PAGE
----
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article imageEndolysin technology looks set to replace antibiotics

By Tim Sandle     Mar 30, 2019 in Science
The biotechnology company Micreos has raised €30 Million in funding for endolysin technology, a medical technology that could be set to replace antibiotics and overcome some of the challenges of antimicrobial resistance.
Based in The Netherlands, Micreos will use its new funding to accelerate the development of its endolysin technology. A proportion of the funds are earmarked for the clinical development program of endolysin XZ.700 plus the U.S. launch of the company's breakthrough over-the-counter Gladskin product for eczema.
One of the biggest health challenges facing the world’s population is with the shortage of antimicrobial compounds. This has situation has steadily arisen due to the over-prescribing of antibiotics and other antimicrobials by medics. It has also arisen as a consequence of bacterial resistance, or with the transfer of genetic material, to one or more antimicrobial compound. Where resistance occurs in relation to more than one compound, this is referred to as multi-drug resistance and the inability to always effective challenge such organisms presents a particular risk to vulnerable members of the population, such as the elderly, the young and the immunocompromised.
READ MORE: Essential Science: Genetic test for antimicrobial resistance
Endolysins are hydrolytic enzymes produced by bacteriophages (viruses that infect bacteria). Bacteriophages kill bacteria by latching onto their cell walls and then injecting their DNA inside so that new phages can be produced inside the cell. So that the bacterial cell opens to let the new phages out, this is accomplished by an endolysin enzyme, which breaks open the bacterial cell wall and kills the bacterium in the process.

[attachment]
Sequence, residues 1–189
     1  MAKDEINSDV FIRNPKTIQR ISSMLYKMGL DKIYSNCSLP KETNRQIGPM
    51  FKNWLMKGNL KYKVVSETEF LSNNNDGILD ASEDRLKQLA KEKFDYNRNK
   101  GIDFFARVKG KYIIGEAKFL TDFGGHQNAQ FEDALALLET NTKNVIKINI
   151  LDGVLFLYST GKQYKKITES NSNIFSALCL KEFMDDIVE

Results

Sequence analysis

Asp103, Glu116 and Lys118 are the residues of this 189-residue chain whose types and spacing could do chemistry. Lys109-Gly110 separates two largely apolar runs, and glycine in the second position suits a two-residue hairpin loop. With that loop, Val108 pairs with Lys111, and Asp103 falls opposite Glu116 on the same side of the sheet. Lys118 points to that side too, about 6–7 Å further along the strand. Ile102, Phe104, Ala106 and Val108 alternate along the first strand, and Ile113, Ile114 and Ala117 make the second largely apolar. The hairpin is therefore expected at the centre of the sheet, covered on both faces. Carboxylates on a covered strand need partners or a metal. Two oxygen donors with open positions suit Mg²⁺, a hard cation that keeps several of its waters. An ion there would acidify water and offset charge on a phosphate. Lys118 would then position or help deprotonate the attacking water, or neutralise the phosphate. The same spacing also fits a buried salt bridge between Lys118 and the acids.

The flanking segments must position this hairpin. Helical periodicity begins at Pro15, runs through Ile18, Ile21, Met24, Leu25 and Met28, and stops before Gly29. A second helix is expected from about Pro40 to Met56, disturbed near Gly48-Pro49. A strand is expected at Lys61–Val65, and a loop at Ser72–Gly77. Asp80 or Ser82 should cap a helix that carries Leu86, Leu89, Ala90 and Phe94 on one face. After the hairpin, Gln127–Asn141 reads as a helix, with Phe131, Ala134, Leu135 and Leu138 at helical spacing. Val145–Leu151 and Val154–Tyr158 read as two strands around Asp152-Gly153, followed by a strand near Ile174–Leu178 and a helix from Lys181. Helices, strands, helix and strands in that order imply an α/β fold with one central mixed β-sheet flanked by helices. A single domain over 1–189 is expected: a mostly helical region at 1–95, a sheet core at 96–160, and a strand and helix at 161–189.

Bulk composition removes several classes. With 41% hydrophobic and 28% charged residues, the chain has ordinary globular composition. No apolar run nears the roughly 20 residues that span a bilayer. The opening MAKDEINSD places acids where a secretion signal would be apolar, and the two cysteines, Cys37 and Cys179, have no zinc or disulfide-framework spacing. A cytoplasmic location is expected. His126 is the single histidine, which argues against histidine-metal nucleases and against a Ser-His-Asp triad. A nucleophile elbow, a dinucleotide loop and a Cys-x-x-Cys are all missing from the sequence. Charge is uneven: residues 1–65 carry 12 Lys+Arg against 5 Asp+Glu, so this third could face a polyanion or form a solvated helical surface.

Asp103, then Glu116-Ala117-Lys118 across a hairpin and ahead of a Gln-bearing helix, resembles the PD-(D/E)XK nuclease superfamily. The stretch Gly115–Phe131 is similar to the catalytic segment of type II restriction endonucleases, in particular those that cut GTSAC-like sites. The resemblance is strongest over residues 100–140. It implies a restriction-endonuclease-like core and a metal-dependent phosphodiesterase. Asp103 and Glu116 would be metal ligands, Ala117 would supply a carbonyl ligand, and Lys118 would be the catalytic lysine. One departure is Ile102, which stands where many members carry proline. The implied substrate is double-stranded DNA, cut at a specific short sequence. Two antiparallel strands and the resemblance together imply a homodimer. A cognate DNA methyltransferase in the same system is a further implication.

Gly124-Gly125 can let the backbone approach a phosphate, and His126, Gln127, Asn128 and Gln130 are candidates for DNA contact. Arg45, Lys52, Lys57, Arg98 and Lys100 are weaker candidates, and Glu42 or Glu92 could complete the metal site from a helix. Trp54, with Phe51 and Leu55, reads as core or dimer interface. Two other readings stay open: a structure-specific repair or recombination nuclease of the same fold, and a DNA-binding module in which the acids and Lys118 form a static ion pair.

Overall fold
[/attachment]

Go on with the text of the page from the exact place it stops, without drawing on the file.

Micreos’ Staphefekt™ SA.100, is the world’s first endolysin approved for human use. It selectively targets the bacterium Staphylococcus aureus, which is a major trigger of eczema and other inflammatory skin conditions. The new compound helps to restore the balance of the skin microbiome, which is linked to a reduction in symptoms of eczema.
Commenting on the new funding, Micreos CEO Mark Offerhaus states: “This funding from existing and new investors will advance the adoption of our endolysin technology and help us reach the millions who stand to benefit. We are exploring partnerships to further accelerate the commercialization of our technology.”
More about antimicrobials, endolysin, Medical, Patients
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